Manage custom lists, not just for shopping
Every Google Home owner still rues the day when the shopping lists were moved away from Keep and into Express. It's been nearly a year and we're still livid about it. But there's one more thing that I absolutely hate about that change: Ok Google commands previously let you manage lists other than shopping items. With the move to Express, that's just not possible anymore.
Google Search can still do this. Assistant can't neither on phone nor on Home.
So whether you have a few to-do lists, a listicle for movies you want to watch, or other items or notes or lists you keep track of, you can no longer manage any of those by voice. It's disheartening to see this still being abandoned when Alexa not only lets you create any list type you want, but also lets developers implement lists for their own skills.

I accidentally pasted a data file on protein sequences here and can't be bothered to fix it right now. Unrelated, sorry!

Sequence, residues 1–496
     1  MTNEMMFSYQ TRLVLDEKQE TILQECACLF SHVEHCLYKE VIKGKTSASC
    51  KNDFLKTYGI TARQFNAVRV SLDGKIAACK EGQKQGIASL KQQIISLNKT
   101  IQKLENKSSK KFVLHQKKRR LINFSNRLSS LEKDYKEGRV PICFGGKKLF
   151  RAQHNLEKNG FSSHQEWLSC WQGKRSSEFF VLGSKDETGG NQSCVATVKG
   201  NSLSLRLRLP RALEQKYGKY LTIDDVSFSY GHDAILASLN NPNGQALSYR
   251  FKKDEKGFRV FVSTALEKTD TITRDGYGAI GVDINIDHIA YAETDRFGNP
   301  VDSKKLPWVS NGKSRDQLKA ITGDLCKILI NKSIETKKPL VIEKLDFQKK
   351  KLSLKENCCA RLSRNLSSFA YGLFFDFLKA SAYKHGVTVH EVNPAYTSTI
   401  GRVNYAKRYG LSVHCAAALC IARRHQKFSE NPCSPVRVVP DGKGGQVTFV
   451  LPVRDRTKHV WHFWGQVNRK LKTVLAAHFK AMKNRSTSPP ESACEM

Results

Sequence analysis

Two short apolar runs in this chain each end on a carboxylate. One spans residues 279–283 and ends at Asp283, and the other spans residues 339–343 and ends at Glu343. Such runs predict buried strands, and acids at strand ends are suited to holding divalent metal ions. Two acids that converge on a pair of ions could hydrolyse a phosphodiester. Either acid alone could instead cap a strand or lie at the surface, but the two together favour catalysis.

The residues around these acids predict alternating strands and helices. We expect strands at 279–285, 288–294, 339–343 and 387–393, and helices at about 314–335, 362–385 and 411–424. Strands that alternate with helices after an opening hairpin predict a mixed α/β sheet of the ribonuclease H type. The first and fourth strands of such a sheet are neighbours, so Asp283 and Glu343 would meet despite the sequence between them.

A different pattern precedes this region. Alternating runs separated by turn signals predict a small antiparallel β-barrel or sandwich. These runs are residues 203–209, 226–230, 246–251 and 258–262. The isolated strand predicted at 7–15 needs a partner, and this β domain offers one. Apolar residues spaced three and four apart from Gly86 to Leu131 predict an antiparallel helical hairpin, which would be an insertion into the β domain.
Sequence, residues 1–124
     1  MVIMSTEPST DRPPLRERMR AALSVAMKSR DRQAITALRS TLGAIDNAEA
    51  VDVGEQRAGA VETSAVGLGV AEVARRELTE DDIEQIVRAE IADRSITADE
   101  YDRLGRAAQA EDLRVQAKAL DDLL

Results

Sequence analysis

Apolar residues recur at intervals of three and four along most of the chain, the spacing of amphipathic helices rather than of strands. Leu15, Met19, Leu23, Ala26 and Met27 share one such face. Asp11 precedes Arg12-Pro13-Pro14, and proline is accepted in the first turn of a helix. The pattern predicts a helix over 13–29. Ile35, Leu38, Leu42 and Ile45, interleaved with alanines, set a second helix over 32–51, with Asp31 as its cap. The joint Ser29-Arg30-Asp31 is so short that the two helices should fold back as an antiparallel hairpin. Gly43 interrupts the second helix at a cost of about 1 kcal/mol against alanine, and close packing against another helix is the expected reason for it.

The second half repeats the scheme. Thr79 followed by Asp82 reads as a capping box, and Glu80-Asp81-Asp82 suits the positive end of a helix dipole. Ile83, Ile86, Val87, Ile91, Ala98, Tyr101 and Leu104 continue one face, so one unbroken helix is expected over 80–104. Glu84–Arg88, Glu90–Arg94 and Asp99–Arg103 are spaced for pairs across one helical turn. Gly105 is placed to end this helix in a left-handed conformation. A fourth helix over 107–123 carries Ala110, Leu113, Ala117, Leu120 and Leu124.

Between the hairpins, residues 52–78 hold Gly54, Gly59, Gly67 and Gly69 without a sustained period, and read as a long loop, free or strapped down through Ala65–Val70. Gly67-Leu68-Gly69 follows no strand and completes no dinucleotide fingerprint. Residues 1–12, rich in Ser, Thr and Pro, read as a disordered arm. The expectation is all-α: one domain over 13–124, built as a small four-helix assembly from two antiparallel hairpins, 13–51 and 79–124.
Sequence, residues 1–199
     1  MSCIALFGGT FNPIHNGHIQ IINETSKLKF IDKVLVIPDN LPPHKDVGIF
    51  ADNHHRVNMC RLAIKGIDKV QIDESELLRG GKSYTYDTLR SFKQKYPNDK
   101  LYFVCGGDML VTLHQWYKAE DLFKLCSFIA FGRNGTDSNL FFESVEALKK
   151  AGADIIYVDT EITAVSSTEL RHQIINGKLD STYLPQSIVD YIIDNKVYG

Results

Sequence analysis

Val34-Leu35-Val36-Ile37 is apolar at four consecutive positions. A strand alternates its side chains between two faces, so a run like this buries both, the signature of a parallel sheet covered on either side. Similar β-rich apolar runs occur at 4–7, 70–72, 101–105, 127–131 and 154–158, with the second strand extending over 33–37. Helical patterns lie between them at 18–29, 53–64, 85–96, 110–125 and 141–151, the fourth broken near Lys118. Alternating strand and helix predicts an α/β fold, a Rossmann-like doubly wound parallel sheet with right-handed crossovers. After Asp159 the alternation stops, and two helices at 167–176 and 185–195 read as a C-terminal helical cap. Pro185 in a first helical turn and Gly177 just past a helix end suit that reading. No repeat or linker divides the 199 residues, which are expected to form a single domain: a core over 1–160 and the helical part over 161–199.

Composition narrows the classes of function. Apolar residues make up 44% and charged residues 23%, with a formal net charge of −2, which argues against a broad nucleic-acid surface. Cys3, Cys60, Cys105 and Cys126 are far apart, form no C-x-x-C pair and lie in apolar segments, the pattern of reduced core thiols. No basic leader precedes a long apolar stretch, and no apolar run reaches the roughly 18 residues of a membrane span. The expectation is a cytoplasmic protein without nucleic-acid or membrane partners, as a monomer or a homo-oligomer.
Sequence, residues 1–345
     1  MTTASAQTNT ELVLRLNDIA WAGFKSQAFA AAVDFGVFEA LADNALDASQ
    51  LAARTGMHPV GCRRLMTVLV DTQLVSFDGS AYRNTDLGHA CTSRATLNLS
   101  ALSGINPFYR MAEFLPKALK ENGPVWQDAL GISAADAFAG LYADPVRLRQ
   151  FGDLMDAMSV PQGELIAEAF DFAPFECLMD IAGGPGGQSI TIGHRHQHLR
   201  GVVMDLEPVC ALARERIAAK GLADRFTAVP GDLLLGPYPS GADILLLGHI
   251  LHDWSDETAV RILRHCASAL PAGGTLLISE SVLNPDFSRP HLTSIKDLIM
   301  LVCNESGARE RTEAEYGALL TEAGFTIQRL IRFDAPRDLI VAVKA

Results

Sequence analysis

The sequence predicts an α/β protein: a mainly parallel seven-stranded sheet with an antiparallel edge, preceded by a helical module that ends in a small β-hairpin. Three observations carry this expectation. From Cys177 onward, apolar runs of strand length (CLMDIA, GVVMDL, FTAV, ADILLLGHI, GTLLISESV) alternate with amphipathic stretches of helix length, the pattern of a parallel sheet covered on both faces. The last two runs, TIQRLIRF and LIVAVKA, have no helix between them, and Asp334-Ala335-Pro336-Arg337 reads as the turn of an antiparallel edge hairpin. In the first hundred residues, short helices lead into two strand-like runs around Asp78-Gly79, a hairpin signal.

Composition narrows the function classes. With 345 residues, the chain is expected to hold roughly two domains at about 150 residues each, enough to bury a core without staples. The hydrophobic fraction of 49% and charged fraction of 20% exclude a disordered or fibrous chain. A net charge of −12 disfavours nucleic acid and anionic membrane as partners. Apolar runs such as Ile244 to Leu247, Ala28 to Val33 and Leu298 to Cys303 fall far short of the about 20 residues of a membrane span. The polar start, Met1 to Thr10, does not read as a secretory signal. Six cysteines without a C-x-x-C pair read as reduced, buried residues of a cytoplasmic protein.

I don't want to beat on a dead horse here, but if Google really doesn't want us to use Keep for shopping lists, it should at least bring back Keep as an integration in Assistant and Home for note taking and other list types.
Reply in a low volume when I talk in a hushed tone
For all the "smart assistant" naming that Google Home gets, it is a little bit dumb when it comes to something: knowing how to reply to me. Any smart human assistant would recognize when you're talking in a hushed tone and reply the same way. Google Home doesn't. If it was previously set to blaring 100%, it will answer in blaring 100%.
Google Home already has a night mode that lets you lower the volume at a preset time each day, but that doesn't take into account the intricacies of everyday life. Sometimes a family member is taking a nap nearby, sometimes you don't want the answer to be heard from other rooms, and sometimes you're just going to bed earlier or waking up later than usual. Understanding when to automatically lower the answer's volume complements night mode to account for these situations.
Be contextually aware